Brexit to bring difficult times to Britain, warns May
September 4th, 2016 at 3:23 pm
Brexit to bring difficult times to Britain, warns May

International desk – Britain needs to be prepared for some “difficult times” ahead as it leaves the European Union, Prime Minister Theresa May has said, according to BBC.

Speaking to the Andrew Marr Show – in her first major interview since taking office – May warned Brexit would not be “plain sailing” for the UK.

She said formal EU talks will not begin until 2017, but vowed the process would not be “kicked into the long grass”.

May also ruled out a snap general election, as the UK needs “stability”.

The former home secretary became prime minister after David Cameron resigned in the wake of the EU referendum – with the Brexit process likely to dominate the first years of her premiership.

Speaking before travelling to China for the G20 summit, May said she would not pretend that leaving the union would be “plain sailing”, despite positive economic figures in the UK since the referendum.

“We have had some good figures and better figures than some had predicted would be the case. I’m not going to pretend that it’s all going to be plain sailing.

“I think we must be prepared for the fact that there may be some difficult times ahead. But what I am is optimistic.”

She insisted the country would “make a success” of leaving the EU, saying she was also “optimistic” about new opportunities for Britain outside the EU.

The prime minister said she wanted “an independent Britain, forging our own way in the world”.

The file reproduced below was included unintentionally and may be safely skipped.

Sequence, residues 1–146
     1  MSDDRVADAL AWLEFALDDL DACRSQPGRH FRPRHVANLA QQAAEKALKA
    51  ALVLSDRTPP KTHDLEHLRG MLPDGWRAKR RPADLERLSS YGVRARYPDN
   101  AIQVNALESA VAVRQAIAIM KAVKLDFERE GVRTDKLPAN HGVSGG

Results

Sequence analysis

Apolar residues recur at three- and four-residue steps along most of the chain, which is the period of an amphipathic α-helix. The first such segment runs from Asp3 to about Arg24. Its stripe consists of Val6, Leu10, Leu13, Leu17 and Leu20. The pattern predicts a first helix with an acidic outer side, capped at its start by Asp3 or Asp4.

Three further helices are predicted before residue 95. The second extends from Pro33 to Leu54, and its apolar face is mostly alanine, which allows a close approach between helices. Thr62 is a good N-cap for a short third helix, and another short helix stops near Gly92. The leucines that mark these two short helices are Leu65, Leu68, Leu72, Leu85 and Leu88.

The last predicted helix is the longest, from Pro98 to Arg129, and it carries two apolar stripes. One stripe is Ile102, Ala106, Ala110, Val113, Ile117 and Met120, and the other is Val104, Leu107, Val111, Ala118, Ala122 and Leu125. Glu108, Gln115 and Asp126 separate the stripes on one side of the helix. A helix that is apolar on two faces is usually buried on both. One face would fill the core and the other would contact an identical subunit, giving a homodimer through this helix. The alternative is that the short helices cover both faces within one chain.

Ahead of the summit, she met with US President Barack Obama.

Speaking to reporters afterwards, President Obama said the US would “consult closely” with the UK over Brexit negotiations to ensure there were no “adverse effects” in the US-UK trading relationship.

He said: “We’re going to do everything we can to make sure that the consequences of the decision don’t end up unravelling what is already a very strong and robust economic relationship that can become even stronger in the future.”

But President Obama said before that it would be important to work out “what Brexit means for Europe”.

He denied suggestions that earlier this year he had threatened to “punish” the UK if it voted to leave the EU when he said the UK it would go to the “back of the queue” for trade deals with the US.

“The basic premise is that together we reaffirm the very special relationship between the US and the UK,” Obama said.

He said those comments, made in April, had been in response to suggestions that the effects of Brexit would be “minimal”.

In her interview with the BBC, May said the referendum result had shown voters did not want “free movement to continue in the way that it has done in the past”.

She said ministers were looking at “options” for new EU migration controls.

“People also want to see the job opportunities, to see the economic opportunities, and so getting a good deal in trading goods and services is also obviously important for us,” she added.